A Pennsylvania high school school held an active shooter drill on Thursday to expose the students to the sound of gunfire, according to a report by KDKA-TV.
What are the details?
Bethel Park High School in Bethel Park, Pennsylvania, conducted the drill along with the cooperation and help of school police and other trained law enforcement officials.
The drill took place during an extended third-period class, and simulated an active shooter situation — complete with the firing of blanks to simulate real gunshots.
The principal reportedly sent out a communication to parents notifying them about the drill, and was clear that no guns would be pointed at students — they would simply be able to hear what the sound of gunfire was like for awareness purposes.
A portion of the communication read, "The faculty and staff have been apprised of the situation and over the next few days the students will be shown a PowerPoint in homeroom, providing them with the needed information."
According to the Pittsburgh Post-Gazette, the students were encouraged to follow A.L.I.C.E protocol, or "Alert, Lockdown, Inform, Counter, Evacuate."
What are people saying?
Nanette Adams, who has a son in the school, told KDKA that this type of drill might do more harm than good.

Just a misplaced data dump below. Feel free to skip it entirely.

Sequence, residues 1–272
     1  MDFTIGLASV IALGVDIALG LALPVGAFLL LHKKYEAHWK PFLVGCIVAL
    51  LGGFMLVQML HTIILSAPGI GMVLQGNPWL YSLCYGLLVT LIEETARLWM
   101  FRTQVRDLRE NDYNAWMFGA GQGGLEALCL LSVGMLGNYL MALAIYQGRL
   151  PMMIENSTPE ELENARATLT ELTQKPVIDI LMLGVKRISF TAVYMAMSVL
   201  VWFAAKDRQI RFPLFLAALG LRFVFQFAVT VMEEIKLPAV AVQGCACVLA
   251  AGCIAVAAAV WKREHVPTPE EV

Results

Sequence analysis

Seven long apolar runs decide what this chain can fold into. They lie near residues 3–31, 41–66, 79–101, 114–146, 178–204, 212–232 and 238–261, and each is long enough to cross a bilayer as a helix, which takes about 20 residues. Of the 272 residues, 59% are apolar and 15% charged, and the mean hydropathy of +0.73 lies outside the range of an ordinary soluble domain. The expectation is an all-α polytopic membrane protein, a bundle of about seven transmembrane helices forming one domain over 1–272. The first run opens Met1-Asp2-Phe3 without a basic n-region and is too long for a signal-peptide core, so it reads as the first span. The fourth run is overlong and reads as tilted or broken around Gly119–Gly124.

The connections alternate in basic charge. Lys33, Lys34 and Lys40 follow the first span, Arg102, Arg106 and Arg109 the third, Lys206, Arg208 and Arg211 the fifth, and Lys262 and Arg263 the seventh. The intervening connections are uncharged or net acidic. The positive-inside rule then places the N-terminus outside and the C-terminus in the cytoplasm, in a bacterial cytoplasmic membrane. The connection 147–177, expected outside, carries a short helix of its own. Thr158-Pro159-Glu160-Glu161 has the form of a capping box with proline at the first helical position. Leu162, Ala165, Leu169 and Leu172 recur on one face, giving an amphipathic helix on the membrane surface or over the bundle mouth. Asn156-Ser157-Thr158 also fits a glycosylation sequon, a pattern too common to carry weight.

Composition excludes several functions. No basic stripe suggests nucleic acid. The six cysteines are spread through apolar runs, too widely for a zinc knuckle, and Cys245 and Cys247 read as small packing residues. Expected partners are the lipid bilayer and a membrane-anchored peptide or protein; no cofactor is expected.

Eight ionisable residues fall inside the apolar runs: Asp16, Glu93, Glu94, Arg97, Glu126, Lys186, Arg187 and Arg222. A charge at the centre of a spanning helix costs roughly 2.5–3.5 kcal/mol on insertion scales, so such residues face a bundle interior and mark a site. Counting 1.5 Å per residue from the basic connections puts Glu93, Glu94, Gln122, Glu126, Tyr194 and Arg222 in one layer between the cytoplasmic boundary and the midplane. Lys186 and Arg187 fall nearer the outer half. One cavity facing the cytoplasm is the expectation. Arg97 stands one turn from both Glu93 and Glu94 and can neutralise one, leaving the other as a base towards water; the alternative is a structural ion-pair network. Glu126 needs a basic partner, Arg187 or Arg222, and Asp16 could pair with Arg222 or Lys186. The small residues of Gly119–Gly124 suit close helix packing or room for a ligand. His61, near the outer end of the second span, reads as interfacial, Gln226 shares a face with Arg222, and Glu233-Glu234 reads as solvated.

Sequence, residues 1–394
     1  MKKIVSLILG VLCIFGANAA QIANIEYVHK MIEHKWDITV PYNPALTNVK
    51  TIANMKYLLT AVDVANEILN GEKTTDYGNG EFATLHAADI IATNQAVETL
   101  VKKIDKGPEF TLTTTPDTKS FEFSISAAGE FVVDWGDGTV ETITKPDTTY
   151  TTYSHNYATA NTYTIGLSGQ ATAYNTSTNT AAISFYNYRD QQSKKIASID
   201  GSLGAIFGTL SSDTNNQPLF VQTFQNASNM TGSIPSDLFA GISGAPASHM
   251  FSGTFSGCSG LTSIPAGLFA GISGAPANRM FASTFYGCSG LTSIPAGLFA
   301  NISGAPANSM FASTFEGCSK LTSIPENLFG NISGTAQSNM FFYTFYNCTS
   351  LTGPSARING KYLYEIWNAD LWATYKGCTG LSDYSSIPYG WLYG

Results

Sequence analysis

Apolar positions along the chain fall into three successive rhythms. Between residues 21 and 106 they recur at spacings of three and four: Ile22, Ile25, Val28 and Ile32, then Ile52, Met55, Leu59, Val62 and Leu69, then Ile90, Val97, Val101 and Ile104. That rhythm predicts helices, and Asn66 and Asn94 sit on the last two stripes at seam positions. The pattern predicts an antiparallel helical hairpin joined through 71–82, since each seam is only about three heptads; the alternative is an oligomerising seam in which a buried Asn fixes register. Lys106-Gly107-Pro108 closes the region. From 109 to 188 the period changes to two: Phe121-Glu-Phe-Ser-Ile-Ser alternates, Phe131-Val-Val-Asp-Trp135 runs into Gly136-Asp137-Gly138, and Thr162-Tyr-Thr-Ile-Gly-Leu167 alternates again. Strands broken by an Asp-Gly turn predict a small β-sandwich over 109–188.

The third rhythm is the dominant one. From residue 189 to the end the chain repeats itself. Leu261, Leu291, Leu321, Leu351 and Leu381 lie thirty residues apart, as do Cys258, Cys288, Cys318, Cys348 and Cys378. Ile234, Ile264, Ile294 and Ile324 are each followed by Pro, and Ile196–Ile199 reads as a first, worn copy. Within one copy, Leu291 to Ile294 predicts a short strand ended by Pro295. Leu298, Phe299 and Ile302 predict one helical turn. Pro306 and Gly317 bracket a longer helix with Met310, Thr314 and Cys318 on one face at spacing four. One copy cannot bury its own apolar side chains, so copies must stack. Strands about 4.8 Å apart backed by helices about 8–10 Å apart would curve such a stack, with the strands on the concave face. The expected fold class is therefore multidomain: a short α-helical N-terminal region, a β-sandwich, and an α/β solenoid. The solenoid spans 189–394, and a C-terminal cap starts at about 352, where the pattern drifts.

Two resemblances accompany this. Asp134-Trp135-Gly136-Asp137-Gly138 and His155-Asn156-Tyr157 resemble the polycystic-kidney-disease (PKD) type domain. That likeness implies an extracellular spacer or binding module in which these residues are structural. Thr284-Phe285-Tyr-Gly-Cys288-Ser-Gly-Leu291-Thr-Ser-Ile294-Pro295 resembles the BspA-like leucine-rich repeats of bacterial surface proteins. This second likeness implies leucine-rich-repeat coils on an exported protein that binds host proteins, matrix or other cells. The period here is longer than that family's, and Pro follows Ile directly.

"Students have been prepared," Adams said. "Although, I have not been advised about what that preparation consists of. My concern is for students who may have some sort of issue with anxiety, post-traumatic stress disorder, special needs students."
Adams added that she had concerns about those living in the area.
“There are homes located nearby, and I have no idea if anyone who does not have a student in the district has been informed that this drill is going to be taking place,” Adams explained. “There’s a lot of unknown variables of what could potentially happen if a homeowner nearby heard shots being fired off.”
Marlene Vavrek, the grandparent of a student at Bethel Park, agreed with Adams and said that the exercise might prove to be more harm than help.
"Even though they were told ahead of time, what will happen — I think kids with any kind of issues will intensify," Vavrek said.
However, Nicki Sink, a woman whose daughter attends the high school, doesn't have any issues with the drill.
"Why not give them the tools to be ready for it instead of being worried about a traumatic experience of what could be a traumatic experience?" she asked.